Some questions I have about DDR4 RAM speed and latency in underclocked memory

March 9, 2018

Suppose, not hypothetically, that you're putting together an Intel Core i7 based machine, specifically an i7-8700, and you're not planning to overclock. All Coffee Lake CPUs have an officially supported maximum memory rate of 2666 MHz (regardless of how many DIMMs or what sort of DIMM they are, unlike Ryzens), so normally you'd just buy some suitable DDR4 2666 MHz modules. However, suppose that the place you'd be ordering from is out of stock on the 2666 MHz CL15 modules you'd normally get, but has faster ones, say 3000 MHz CL15, for essentially the same price (and these modules are on the motherboard's qualified memory list).

At this point I have a bunch of questions, because I don't know what you can do if you use these higher speed DDR4-3000 CL15 DIMMs in a system. I can think of a number of cases that might be true:

  • The DIMMs operate as DDR4-2666 CL15 memory. Their faster speed does nothing for you now, although with a future CPU and perhaps a future motherboard they would speed up.

    (Alternately, perhaps underclocking the DIMMs has some advantage, maybe slightly better reliability or slightly lower power and heat.)

  • The DIMMs can run at 2666 MHz but at a lower latency, say CL14, since DDR4-3000 CL15 has an absolute time latency of 10.00 ns and 2666 MHz CL14 is over that at 10.5 ns (if I'm doing the math right).

    This might require activating an XMP profile in the BIOS, or it might happen automatically if what matters to this stuff is the absolute time involved, not the nominal CLs. However, according to the Wikipedia entry on CAS latency, synchronous DRAM cares about the clock cycles involved and so CL15 might really be CL15 even if when you're underclocking your memory. DDR4 is synchronous DRAM.

  • The DIMMs can run reliably at memory speeds faster than 2666 MHz, perhaps all the way up to their rated 3000 MHz; this doesn't count as CPU overclocking and is fine on the non-overclockable i7-8700.

    (One possibility is that any faster than 2666 MHz memory listed on the motherboard vendor's qualified memory list is qualified at its full speed and can be run reliably at that speed, even on ordinary non-overclockable i7 CPUs. That would be nice, but I'm not sure I believe the PC world is that nice.)

  • The system can be 'overclocked' to run the DIMMs faster than 2666 MHz (but perhaps not all the way to the rated 3000 MHz), even on an i7-8700. However this is actual overclocking of the overall system (despite it being within the DIMMs' speed rating), is not necessarily stable, and the usual caveats apply.

  • You need an overclockable CPU such as an i7-8700K in order to run memory any faster than the officially supported 2666 MHz. You might still be able to run DDR4-3000 CL15 at 2666 MHz CL14 instead of CL15 on a non-overclockable CPU, since the memory frequency is not going up, the memory is just responding faster.

Modern DIMMs apparently generally come with XMP profile(s) (see also the wikichip writeup) that let suitable BIOSes more or less automatically run them at their official rated speed, instead of the official JEDEC DDR4 standard speeds. Interestingly, based on the Wikipedia JEDEC table even DDR4-2666 CL15 is not JEDEC standard; the fasted DDR4-2666 CL the table lists is CL17. This may mean that turning on an XMP profile is required merely to get 2666 MHz CL15 even with plain standard DDR4-2666 CL15 DIMMs. That would be weird, but PCs are full of weird things. One interesting potential consequence of this could be that if you have DDR4-3000 CL15 DIMMs, you can't easily run them at 2666 MHz CL15 instead of 2666 MHz CL17 because the moment you turn on XMP they'll go all the way up to their rated 3000 MHz CL15.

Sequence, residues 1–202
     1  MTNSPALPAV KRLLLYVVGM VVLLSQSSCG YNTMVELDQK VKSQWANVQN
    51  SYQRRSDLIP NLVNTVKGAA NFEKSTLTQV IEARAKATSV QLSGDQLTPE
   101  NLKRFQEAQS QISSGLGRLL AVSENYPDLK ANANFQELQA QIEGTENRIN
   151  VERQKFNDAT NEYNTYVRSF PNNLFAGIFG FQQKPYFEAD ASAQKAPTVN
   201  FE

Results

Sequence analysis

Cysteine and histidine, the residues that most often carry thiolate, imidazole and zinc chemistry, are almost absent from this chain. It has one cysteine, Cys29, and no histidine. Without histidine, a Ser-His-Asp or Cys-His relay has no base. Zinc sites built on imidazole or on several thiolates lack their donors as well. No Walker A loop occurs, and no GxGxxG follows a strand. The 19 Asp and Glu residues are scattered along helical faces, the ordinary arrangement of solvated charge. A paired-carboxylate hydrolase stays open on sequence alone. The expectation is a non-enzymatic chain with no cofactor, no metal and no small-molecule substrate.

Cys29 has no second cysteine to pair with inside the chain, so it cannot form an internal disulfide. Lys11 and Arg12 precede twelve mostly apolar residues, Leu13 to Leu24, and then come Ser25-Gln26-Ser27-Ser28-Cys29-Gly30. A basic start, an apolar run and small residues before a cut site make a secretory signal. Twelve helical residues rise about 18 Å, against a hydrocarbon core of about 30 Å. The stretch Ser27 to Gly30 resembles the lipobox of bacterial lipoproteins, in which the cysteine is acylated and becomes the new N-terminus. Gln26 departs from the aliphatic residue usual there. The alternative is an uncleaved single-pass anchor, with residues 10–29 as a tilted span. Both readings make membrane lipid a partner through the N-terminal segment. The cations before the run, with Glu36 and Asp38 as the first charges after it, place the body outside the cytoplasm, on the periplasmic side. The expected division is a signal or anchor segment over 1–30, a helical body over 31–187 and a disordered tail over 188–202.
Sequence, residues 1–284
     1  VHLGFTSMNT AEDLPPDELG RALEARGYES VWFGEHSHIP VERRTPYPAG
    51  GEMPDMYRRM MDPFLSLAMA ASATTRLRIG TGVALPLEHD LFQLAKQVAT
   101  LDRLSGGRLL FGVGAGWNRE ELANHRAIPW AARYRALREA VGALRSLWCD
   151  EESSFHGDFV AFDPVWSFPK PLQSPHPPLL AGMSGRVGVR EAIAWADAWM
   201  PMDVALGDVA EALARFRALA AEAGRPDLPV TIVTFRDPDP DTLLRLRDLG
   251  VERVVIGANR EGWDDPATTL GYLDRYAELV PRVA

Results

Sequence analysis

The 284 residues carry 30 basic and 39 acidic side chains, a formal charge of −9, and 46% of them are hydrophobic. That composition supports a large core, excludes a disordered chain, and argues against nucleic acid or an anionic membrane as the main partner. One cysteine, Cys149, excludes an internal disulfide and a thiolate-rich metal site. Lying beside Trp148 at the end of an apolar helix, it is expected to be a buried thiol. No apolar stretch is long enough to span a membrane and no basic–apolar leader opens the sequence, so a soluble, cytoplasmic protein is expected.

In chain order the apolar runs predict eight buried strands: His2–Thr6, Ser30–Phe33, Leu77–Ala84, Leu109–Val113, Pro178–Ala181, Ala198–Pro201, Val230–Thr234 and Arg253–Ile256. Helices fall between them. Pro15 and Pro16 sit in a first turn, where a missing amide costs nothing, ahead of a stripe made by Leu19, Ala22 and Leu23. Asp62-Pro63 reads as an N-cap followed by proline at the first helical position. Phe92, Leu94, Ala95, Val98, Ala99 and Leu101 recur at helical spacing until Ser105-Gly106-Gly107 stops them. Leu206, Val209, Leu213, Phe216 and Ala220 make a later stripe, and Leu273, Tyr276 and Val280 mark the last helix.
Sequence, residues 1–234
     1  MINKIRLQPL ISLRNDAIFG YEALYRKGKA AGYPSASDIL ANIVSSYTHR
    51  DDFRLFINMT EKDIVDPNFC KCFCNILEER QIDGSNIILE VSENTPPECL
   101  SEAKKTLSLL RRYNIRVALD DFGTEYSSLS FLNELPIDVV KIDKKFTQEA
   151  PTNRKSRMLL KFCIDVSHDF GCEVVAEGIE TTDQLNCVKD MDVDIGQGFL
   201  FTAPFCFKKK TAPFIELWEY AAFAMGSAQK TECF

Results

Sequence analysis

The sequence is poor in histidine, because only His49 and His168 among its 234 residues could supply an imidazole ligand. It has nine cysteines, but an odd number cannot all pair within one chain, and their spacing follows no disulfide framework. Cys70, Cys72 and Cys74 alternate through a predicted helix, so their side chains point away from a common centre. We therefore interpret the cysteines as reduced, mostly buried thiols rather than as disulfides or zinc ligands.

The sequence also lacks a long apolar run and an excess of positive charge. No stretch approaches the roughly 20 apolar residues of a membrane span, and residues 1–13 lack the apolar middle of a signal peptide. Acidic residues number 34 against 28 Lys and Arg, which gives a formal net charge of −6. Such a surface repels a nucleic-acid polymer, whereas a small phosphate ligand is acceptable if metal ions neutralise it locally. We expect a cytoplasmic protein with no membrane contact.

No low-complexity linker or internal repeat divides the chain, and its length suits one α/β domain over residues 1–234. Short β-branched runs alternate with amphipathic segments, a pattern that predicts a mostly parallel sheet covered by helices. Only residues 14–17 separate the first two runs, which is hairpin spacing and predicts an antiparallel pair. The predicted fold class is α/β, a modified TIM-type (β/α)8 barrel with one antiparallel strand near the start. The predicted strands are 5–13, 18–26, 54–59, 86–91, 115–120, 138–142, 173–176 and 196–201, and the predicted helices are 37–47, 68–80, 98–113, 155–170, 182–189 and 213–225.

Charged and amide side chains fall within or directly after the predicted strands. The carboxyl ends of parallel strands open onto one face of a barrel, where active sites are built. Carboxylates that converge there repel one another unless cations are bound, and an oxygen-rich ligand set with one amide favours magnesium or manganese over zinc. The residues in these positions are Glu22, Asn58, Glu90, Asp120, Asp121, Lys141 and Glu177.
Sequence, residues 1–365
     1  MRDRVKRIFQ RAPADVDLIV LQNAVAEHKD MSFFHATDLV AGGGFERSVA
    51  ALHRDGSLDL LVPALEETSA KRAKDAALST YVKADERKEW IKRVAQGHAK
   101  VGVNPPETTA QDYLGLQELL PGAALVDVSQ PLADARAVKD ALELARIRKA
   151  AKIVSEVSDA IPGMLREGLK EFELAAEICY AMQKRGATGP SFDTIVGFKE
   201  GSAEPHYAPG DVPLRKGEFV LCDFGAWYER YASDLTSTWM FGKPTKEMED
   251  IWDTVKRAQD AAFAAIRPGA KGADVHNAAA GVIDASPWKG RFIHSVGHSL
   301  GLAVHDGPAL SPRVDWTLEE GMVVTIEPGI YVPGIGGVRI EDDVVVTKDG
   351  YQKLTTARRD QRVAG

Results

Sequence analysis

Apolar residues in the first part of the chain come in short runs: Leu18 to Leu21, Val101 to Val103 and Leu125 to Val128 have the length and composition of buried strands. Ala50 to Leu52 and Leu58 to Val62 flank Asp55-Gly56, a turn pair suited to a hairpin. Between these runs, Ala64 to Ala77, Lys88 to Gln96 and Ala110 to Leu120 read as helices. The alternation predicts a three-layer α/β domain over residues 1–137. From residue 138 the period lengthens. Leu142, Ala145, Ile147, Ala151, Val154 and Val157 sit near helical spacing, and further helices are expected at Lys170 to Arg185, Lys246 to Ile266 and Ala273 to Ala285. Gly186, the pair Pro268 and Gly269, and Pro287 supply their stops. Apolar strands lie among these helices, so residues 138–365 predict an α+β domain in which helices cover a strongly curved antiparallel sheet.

(I learn something new every time I write an entry like this.)

PS: People say that memory speed isn't that important, but I'm not sure I completely believe them and anyway, if I wind up with DIMMs rated for more than 2666 MHz I'd like to know what they're good for (even if the answer is 'nothing except being available now instead of later'). And if one can reliably get somewhat lower latency and faster memory for peanuts, well, it's at least a bit tempting.

Comments on this page:

By Door at 2018-03-09 05:02:51:

The way I remember this working back when I was an overclocker who cared about such things (which was back in the early DDR3 era and earlier) was that case 1 in your bullet points is always true and case 2 is usually true. (and it works in reverse - you can sometimes overclock memory to higher speeds by loosening timings.) DIMMs had settings for common speeds lower than their rated speed programmed into them, and if you set the timings to "auto" with a lower speed selected, you'd get them. This was vanilla SPD, not the more aggressively-tuned XMP, but the programmed timings were still often tighter than they were at rated speed. Regarding cases 3-5, I believe that case 4 is true, but I'm hazy on the details since I haven't kept pace with the overclocking scene in recent years, or with recent CPUs.

Regarding memory speed, have you seen this Phoronix article? This is very close to how I remember memory speed working - a big boost for a few things, especially integrated graphics, but little for most tasks. They have some other similar tests with different CPUs that might be of interest also.

Written on 09 March 2018.
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Last modified: Fri Mar 9 01:56:50 2018
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